Gendai-Nihon no Daihyo-sei Minshu-Seiji (Representative Democracy in Japan: Voters and Politicians)
336 pages, A5 format
March 13, 2020
University of Tokyo Press
It is not uncommon to place political parties and politicians on the left-right political spectrum. The general understanding of Japanese major political parties is that the Liberal Democratic Party (LDP) is on the right, the Constitutional Democratic Party of Japan is slightly to the left of the center, the Communist Party is on the left, and so on.
However, this understanding is based only on a relative scale of, say, Party A to the left (or right) of Party B and is not measured by a yardstick. It is therefore difficult to objectively answer the question of which stands closer to the left (or right) edge of the spectrum, voters’ or politicians’ policies, and the question of how the policies of Party A have changed over the last decade.
This book provides objective evidence to these essential questions for democratic politics. Data from surveys of both voters and politicians carried out jointly at every national election since 2003 by the Taniguchi Laboratory of the University of Tokyo and Asahi Shimbun were used to make cross-sectional comparisons of voters’ and politicians’ policies on a spectrum and to track changes over time of all these subjects. A survey of politicians is an orthodox method used globally. While low response rates had been a critical issue with this method in the past, the UTokyo-Asahi Survey has successfully obtained responses from over 90% of the candidates, which is quite rare in the world as well as being valuable, for it allows for direct comparison with the survey results of the voters.
An analysis of the left-right ideological position based, for example, on the survey data from the 2017 general election, with regard to participants’ attitudes on contentious policies revealed that the ideological distribution of Diet members elected by voters was to the right of the voters, and Shinzo Abe, who was appointed as the Prime Minister by those Diet members and was one of the respondents of this survey, was positioned further to the right of the majority of the Diet members (and even among the LDP members). Our continuous and longitudinal survey enabled us to compare trends over time, indicating that the LDP has shifted to the right since the 2005 general election and, after its return to power in 2012, has remained further to the right than it was before losing power.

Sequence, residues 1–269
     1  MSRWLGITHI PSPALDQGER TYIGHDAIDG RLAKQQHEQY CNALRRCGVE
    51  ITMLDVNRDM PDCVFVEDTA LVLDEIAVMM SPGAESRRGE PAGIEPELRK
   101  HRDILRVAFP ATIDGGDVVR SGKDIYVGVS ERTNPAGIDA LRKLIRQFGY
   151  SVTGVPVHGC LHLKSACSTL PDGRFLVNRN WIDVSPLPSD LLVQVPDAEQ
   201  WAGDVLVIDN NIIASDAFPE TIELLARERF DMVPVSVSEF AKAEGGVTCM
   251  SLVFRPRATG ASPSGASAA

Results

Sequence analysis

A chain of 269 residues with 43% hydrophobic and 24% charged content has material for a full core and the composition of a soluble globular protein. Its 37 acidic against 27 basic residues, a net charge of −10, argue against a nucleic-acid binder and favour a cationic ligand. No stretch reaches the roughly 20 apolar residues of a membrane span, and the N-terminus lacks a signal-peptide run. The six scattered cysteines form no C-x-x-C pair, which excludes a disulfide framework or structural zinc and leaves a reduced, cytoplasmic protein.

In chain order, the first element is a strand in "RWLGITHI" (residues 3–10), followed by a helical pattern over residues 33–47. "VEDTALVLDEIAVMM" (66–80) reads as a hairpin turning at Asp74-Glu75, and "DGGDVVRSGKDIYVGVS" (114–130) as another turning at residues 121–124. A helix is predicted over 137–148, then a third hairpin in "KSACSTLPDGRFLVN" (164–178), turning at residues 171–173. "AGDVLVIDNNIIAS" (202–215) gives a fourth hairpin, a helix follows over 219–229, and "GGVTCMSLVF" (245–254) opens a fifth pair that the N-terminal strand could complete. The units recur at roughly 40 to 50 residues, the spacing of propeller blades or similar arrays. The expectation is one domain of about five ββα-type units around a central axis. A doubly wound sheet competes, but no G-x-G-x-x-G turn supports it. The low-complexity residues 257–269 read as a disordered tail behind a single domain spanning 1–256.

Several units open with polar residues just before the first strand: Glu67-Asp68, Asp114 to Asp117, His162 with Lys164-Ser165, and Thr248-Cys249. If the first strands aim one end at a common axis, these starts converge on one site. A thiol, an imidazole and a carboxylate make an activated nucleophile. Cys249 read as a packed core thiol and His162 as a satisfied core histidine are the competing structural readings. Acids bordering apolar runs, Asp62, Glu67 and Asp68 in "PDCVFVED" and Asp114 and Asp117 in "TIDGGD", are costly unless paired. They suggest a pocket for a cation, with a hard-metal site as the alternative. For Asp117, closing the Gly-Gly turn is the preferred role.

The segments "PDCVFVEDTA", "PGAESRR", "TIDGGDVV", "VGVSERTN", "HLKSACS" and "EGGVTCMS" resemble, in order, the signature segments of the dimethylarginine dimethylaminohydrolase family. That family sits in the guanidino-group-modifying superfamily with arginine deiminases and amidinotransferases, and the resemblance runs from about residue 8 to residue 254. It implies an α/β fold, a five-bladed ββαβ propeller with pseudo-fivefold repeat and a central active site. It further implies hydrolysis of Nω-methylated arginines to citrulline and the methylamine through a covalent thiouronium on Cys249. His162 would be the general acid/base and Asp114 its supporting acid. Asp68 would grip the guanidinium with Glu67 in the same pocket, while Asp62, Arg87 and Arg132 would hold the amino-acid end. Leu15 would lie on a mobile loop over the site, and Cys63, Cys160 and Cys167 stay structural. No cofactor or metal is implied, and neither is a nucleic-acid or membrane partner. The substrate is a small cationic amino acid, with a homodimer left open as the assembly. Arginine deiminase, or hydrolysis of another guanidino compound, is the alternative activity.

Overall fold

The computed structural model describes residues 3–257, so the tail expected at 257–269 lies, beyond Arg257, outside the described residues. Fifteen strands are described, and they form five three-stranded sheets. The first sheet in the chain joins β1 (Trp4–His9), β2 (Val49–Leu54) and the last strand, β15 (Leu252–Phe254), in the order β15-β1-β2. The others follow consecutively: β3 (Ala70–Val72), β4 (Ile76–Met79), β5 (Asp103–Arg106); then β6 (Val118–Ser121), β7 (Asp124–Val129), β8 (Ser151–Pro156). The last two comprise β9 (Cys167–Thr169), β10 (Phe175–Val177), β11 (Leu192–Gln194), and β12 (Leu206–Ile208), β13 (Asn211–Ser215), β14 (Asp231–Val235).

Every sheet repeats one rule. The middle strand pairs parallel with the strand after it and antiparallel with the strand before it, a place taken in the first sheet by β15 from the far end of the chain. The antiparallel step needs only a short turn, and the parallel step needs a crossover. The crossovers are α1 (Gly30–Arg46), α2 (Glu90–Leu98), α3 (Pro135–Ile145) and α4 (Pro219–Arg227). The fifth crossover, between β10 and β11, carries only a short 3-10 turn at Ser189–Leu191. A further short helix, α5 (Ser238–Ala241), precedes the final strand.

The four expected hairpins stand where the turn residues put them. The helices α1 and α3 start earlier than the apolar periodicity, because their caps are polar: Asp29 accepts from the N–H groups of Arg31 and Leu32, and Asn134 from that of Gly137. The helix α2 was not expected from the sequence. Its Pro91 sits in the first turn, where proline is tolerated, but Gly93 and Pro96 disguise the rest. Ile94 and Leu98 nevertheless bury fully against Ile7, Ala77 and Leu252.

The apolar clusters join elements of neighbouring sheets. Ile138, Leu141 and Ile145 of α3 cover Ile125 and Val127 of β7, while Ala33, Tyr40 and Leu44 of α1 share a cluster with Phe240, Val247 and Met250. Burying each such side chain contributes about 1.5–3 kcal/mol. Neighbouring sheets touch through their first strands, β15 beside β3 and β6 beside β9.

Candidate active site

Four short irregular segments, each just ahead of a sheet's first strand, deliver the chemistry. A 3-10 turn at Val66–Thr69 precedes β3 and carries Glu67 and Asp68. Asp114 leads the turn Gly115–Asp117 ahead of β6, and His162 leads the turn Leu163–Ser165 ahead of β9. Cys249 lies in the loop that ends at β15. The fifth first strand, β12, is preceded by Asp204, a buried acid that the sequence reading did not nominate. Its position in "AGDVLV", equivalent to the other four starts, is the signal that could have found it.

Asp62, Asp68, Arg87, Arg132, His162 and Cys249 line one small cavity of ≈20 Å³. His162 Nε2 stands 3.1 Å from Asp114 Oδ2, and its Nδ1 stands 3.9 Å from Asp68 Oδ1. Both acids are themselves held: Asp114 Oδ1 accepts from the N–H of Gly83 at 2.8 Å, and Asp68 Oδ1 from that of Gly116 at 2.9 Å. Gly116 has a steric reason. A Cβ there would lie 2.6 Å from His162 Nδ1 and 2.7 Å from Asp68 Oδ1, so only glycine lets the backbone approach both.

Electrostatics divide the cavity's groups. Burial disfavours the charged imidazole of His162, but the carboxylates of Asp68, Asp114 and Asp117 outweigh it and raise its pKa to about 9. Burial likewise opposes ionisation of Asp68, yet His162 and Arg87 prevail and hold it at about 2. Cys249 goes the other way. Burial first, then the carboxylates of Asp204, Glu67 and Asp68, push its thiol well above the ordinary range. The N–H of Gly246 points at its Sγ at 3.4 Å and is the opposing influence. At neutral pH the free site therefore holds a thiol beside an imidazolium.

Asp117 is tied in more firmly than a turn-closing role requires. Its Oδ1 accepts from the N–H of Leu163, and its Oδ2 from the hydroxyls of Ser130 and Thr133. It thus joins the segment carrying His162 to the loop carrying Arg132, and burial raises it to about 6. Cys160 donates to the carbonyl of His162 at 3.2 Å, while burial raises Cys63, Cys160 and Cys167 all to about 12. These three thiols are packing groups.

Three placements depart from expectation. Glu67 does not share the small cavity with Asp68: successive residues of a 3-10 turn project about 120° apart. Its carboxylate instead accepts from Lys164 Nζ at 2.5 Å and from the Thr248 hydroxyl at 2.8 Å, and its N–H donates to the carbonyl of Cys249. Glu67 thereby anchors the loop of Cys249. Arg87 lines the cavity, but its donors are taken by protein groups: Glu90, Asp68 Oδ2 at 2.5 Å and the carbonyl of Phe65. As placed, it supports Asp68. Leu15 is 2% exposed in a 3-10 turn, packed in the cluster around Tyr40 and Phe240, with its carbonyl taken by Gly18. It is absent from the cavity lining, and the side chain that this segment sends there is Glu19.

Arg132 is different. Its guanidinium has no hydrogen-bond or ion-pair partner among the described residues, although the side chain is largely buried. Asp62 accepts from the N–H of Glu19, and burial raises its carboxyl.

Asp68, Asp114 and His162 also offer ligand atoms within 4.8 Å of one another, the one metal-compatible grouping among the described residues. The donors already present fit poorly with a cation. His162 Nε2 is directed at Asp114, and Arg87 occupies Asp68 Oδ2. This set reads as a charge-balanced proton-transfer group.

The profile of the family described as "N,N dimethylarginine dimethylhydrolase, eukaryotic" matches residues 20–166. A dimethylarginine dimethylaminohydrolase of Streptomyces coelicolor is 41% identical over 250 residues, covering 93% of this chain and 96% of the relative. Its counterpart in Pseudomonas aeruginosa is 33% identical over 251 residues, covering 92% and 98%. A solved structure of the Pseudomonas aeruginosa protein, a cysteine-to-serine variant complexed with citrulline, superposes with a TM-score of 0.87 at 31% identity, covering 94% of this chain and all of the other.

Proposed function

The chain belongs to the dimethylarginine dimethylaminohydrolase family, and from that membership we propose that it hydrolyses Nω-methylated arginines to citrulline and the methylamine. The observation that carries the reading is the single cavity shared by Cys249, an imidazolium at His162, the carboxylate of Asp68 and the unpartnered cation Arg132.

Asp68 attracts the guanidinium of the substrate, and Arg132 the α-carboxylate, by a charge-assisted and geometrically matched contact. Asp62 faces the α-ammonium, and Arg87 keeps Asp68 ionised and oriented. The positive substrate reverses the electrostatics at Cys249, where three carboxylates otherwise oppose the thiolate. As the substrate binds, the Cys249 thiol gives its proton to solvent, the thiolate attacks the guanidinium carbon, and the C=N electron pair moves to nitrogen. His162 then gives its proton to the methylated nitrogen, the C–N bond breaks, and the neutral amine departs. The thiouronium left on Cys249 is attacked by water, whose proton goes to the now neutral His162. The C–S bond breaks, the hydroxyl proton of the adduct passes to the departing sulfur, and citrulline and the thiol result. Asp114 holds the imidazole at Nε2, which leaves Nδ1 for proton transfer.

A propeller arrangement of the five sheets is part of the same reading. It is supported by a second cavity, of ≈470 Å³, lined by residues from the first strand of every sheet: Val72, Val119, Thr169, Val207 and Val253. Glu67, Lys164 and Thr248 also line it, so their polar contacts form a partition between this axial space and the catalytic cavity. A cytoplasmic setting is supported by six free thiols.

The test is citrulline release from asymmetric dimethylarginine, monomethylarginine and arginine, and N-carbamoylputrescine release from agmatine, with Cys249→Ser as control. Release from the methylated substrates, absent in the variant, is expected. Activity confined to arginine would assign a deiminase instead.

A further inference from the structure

Since political parties and politicians play the role of persuading and guiding people, in addition to reflecting their voices on policies, the distance in terms of policy between voters and politicians is not straightforwardly negative. However, the separation between politics and voters can be normatively justified only insofar as it does not give a permanent blank check to a political party or politicians and only insofar as people are able to reach positions indicated by the politicians within a reasonable time frame in the future. To accomplish this, political parties and politicians are expected to thicken and broaden their communication channels with the voters.
(Written by TANIGUCHI Masaki, Professor, Graduate Schools for Law and Politics / 2020)